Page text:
When all goes well at Old Settler’s, it’s hard for any area music festival to be better. Friday felt like one of those days, with mild temperatures accenting the bucolic setting as compelling performances from a broad range of artists drifted back and forth between the Hill Country and Bluebonnet stages.
We arrived just after 4 p.m., in time to catch bluegrass band Della Mae, five women who met in Boston a few years ago and have since “scattered to the wind,” as they put it. Their voices and acoustic instruments blended beautifully on originals and covers of classic tunes such as The Band’s “Evangeline” and the Everly Brothers’ “Little Susie,” setting a nice tone for what was to come.
More indie-oriented roots bands including Tennessee’s Black Lillies and Rhode Island’s Deer Tick bridged the late-afternoon gap to the marquee acts, though a delay of more than 15 minutes to the start of Deer Tick’s set utlimately meant missing them to get in line for dinner. (The grounds feature around a dozen food booths serving up everything from barbecue via the neighboring Salt Lick to vegetarian options to soft-serve ice cream.)
Rodney Crowell’s 6:55 p.m. set seemed early for such an accomplished and beloved artist, but Old Settler’s also staggers the schedule to accommodate festgoers who might not want to stay late. Crowell was in top form on originals both old (“I Couldn’t Leave You If I Tried”) and new “Sex and Gasoline”), backed by ace guitarist Steuart Smith and a band that also included keyboards and pedal steel.
We reluctantly pulled ourselves away early to get a prime spot at the Bluebonnet Stage for the weekend’s most intriguing booking, a bluegrass version of the Who’s “Tommy” played by Missouri band the HillBenders. This was the brainchild of the late South by Southwest co-founder Louis Meyers, who’d planned to be here for this triumphant moment before his death last month on the eve of SXSW.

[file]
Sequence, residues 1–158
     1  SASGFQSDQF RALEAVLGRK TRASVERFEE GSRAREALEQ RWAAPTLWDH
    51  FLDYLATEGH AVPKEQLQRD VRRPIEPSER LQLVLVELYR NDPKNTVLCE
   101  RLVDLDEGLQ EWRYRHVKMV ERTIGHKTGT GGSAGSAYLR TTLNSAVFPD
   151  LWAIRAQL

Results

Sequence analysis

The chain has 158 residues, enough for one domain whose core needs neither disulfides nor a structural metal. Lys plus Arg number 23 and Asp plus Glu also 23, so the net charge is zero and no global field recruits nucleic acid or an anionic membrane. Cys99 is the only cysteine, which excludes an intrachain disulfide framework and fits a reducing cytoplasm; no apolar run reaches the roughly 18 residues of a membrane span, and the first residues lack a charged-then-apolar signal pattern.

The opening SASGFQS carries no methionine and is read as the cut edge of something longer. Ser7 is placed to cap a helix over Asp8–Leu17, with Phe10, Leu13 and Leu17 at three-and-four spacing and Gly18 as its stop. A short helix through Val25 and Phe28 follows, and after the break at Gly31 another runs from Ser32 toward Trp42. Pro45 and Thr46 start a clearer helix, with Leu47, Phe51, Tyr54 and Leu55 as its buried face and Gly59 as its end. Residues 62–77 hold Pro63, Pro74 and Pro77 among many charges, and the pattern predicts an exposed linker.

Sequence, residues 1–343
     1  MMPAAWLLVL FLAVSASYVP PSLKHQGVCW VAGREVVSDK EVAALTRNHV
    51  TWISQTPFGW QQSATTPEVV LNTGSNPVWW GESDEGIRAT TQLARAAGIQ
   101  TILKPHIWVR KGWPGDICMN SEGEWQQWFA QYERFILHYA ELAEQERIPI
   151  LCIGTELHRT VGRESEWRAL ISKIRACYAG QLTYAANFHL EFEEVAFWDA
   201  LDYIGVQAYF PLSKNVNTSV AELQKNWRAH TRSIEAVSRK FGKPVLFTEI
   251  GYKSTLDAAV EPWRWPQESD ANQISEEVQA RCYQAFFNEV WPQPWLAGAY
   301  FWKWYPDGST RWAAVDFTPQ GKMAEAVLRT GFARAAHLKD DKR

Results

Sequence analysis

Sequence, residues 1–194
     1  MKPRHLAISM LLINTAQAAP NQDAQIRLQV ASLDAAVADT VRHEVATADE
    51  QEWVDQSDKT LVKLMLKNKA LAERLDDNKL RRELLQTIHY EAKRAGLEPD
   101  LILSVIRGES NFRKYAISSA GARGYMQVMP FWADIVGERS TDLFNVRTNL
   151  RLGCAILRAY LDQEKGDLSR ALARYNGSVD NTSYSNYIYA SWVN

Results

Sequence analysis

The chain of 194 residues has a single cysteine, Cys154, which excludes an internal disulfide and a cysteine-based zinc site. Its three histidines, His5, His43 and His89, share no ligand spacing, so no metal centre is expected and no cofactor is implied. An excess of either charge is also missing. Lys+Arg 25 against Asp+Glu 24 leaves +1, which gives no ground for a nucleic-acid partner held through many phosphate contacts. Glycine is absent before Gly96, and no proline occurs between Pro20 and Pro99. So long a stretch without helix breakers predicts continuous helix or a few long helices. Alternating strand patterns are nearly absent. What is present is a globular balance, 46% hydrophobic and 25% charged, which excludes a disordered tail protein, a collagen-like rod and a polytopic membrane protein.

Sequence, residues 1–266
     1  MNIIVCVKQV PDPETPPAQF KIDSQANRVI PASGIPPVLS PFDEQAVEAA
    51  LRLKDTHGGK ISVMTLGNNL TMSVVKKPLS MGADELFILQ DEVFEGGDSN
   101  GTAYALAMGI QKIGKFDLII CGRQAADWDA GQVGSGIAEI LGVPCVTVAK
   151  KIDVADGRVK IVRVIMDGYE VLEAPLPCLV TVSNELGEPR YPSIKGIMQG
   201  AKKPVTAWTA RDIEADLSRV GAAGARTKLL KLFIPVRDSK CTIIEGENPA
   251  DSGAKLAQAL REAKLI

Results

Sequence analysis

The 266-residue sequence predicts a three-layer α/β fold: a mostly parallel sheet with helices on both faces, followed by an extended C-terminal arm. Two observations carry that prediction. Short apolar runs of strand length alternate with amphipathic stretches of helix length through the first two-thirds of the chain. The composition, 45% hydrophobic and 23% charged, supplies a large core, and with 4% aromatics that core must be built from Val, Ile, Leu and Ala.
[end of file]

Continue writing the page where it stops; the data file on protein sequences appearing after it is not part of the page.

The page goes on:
The band dedicated the performance to him and did him proud, repeatedly whipping the crowd up into a frenzy as they brilliantly adapted the rock opera’s instrumentation to banjo, dobro, mandolin, guitar and upright bass. Clearly there were many die-hard Who fans in the audience, as much of the crowd sang, shouted and clapped along when the band enthusiastically called for their participation.
Chasing that performance with Hayes Carll’s headlining slot over at the Hill Country Stage required a sharp shifting of gears, as Carll was playing a comparatively low-key trio set focused on songs from his just-released album “Lovers and Leavers.” But the contrast simply showed that Old Settler’s is about quality music, whatever the presentation may be, as Carll’s new songs may be the best he’s ever written. Midway through, singer Allison Moorer joined him for duets on three songs, including Lefty Frizzell’s “That’s The Way Love Goes,” a tune both Johnny Rodriguez and the late Merle Haggard took to the top of the country charts.
Those looking for a more upbeat glide into the night did just fine staying at the Bluebonnet Stage for the high-energy sounds of the Suffers. The nine-piece Houston outfit took it to the house, with singer Kam Franklin decked out in silvery sparkles and the horn section driving the soul train into territory not often traversed at the more acoustic/Americana-oriented Old Settler’s.
Back at the Hill Country Stage, Southern California indie-folk-rock band Dawes proved a fine choice to close out the night. Some who’d had their fill stayed for a few songs before getting a jump on the departing traffic, while devoted fans crowded up front to hear the group’s melodic tunes that they occasionally pushed into the red with extended jams.
Saturday’s weather forecast might prevent such an idyllic Old Settler’s day from repeating, with the possibility of late-afternoon and evening thunderstorms looming. But the music booked is even better, with the likes of the Jayhawks, Del McCoury Band, Milk Carton Kids, Sarah Jarosz and Jerry Douglas’ Earls of Leicester among the highlights.]]